Renewables Labor will support the Coalition on a genuine Clean Energy Target and introduce a National Interest Test for gas in government.
It’s extraordinary to think that a decade ago there was a bipartisan consensus on the challenge of climate change and the solutions needed to tackle it.
The argument back then was over which political party was doing more to tackle climate change, not less.
Ten years on, instead of world-leading action on climate change, Australia has among the world’s highest power prices and the world’s worst carbon emissions per capita.
Australians are fed up with a debate that is stuck in the past, and bogged down by politics. People want to know what we are doing to tackle out-of-control power prices.
And, to their credit, Australians also want a clear and credible plan to tackle rising carbon pollution.
They understand that protecting our environment doesn’t have to come at a cost to our economy.
On the contrary, they accept that tackling pollution can be good for the economy, good for power prices and good for jobs.
That’s why, for months now, I have said that Labor is ready to negotiate on a Clean Energy Target and a broader framework for energy policy in the decade ahead.
A Clean Energy Target was the central element of the chief scientist’s blueprint for the electricity system – and it’s up to both sides of politics to find some common ground on this.
This does not mean compromise at any cost. A framework that isn’t fair-dinkum will not receive our support. But there must be a way through. Leaving this in the toohard basket will entrench high power prices, a chaotic energy market, and longterm uncertainty over investment.
We also need to take immediate action to resolve the gas crisis – because out-ofcontrol gas prices are a direct threat to the viability of hundreds of Australian businesses and thousands of Australian jobs.
In April, Mr Turnbull promised to halve wholesale gas prices from $20 a gigajoule to $10 a gigajoule.
Australians haven’t forgotten this promise – they get a reminder it hasn’t been delivered every time they open up another energy bill.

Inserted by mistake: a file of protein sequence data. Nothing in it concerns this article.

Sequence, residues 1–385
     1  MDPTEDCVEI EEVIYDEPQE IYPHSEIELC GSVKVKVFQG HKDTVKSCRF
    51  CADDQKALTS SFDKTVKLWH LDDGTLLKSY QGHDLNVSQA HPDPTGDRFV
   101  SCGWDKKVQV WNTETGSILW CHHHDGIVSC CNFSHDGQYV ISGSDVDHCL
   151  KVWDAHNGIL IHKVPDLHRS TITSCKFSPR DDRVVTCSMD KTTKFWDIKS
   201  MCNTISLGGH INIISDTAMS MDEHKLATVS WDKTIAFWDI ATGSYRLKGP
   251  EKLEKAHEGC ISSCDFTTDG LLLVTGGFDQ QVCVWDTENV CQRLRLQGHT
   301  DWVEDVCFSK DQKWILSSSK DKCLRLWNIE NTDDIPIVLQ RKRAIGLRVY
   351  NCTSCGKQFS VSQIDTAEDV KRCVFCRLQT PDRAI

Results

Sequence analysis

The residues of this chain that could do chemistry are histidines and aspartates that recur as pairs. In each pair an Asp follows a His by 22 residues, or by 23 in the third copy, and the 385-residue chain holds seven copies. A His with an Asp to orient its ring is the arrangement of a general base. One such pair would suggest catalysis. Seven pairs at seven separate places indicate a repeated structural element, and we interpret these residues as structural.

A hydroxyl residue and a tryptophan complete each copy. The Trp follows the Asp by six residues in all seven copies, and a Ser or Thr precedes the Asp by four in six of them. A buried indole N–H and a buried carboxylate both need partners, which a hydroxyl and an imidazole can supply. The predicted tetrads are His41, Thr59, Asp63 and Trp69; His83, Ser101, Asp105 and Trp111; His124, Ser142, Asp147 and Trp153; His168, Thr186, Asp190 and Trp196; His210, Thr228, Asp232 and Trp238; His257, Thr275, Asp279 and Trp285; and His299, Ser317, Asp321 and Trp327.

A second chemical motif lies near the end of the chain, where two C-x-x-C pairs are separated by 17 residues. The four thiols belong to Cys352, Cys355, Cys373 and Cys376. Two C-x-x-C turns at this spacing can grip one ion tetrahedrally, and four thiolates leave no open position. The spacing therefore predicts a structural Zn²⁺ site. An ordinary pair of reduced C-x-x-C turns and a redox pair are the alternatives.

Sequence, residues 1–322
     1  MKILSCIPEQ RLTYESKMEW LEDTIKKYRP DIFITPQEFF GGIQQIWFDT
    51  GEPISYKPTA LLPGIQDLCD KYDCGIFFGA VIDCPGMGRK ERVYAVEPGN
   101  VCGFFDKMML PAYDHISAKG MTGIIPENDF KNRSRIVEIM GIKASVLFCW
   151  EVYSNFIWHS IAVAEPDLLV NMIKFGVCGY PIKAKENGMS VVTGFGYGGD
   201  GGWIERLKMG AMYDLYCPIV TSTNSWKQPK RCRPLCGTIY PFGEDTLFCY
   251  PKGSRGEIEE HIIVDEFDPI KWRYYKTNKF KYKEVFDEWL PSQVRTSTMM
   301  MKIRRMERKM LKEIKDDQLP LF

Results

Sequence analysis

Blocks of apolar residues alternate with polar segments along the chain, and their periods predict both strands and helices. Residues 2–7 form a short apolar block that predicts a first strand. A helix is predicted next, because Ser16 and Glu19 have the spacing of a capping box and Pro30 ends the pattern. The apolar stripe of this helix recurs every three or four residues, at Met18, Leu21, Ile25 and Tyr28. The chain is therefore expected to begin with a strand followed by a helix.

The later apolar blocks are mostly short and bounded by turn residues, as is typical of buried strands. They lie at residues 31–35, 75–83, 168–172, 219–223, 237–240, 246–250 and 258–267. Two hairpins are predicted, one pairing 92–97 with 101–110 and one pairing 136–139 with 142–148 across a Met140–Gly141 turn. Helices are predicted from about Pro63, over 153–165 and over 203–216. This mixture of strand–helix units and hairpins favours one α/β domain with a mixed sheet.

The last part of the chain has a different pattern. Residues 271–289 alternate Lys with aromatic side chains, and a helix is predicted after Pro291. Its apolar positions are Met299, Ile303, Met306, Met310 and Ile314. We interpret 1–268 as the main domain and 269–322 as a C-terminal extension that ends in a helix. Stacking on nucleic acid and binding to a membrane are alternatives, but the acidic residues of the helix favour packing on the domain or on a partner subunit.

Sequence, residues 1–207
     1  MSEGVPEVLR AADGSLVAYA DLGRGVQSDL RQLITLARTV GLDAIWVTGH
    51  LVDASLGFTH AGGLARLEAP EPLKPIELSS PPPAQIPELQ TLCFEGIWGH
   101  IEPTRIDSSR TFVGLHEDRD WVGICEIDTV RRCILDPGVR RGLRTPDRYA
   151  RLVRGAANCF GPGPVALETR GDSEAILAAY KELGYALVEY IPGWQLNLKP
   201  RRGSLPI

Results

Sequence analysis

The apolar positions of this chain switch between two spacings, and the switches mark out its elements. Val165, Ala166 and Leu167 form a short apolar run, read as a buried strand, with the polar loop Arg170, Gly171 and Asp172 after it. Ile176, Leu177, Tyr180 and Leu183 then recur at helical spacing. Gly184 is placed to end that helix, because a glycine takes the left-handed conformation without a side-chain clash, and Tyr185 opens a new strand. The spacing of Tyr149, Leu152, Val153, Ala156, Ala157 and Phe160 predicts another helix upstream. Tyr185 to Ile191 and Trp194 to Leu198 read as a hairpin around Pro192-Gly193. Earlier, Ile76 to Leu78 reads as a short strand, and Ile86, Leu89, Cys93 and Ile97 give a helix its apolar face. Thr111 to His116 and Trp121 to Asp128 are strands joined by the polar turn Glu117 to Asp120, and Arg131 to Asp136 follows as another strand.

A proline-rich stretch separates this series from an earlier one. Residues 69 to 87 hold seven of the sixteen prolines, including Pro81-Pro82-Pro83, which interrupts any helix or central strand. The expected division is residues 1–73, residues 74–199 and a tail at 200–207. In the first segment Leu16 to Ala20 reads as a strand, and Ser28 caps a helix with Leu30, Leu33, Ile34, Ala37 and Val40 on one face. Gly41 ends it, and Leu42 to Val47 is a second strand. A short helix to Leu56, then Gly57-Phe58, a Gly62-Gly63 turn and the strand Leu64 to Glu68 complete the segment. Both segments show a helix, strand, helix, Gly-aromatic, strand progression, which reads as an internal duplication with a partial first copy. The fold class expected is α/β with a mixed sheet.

We need more than a gentleman’s agreement with the gas exporters that everything will be fine.
If Labor were in government, we would immediately use the export controls that are available to restrict gas exports until prices come down.
The government still has until November 1 to pull the trigger and put export controls in place for next year. I urge the Prime Minister to do this today. We also need to look beyond the current crisis and plan for the future. That’s why the next Labor government will introduce a National Interest Test for all new LNG export facilities, and for significant expansions of supply at existing export facilities.
An independent board, appointed by the Treasurer, would assess what impact a new or expanded project would have on the national interest – such as the impact on households and businesses, prices and jobs.
Our National Interest Test will help guard against a repeat of the current crisis – and it will also guarantee an adequate supply for the Australian domestic market in the future.
Reducing the price of gas helps ease the burden on businesses and families today, and it helps Australia move responsibly towards a renewable energy future – locking in the reliable, dispatchable power we need.
Australia can set ourselves up for success as a renewable energy superpower – but only if we start preparing for it now.
At today’s The Australian Financial Review National Energy Summit, I will be outlining new policies to help Australia seize the massive wave of jobs and investment that is up for grabs.
The first is modernising the National Energy Market rules. These were written more than 20 years ago, and they don’t reflect the growth in renewables, our energy priorities or the decisions that households and consumers are making.
As recommended by the chief scientist, a Labor government would also organise Australia into a series of Renewable Energy Zones. These zones would be based on both existing generation and storage in the area – and the potential for future development.
Identifying these zones will also plant a flag for investors – signalling future sites for job-creating projects.
We also need to free-up the Clean Energy Finance Corporation to invest in more generation and more storage.
That’s why Labor will set the investment return benchmark for the CEFC at the weighted average of the Australian government bond rate – where it originally was under the last Labor government.
Under this government, the benchmark has been set too high – holding back the crucial investment that Australia needs in new generation and storage.
We will remove this hurdle – to unlock new investment and create more jobs.
These are sensible ideas to find a way through the partisan bickering and a way forward on national energy policy. At the centre of it all is an acknowledgement that we need to find some common ground, for the common good.
We’ve already got the investment dollars, the infrastructure and the ingenuity to make the next 10 years a decade of delivery – for lower power prices, less pollution and more jobs.
What we need now is leadership.
Bill Shorten is Leader of the Opposition.
Our National Interest Test will help guard against a repeat of the current crisis.
This opinion piece was first published in The Australian Financial Review on Monday, 9 October 2017.